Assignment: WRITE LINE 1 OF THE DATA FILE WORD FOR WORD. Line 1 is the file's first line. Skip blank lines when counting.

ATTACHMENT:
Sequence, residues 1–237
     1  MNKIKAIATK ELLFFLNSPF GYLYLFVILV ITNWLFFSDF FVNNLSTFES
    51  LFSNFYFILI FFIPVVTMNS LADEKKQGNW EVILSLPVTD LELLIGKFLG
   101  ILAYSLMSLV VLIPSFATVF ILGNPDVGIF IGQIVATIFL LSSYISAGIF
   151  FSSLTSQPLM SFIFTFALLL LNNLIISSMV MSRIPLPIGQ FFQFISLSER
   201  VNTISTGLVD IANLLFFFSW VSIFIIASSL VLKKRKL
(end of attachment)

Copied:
Sequence, residues 1–237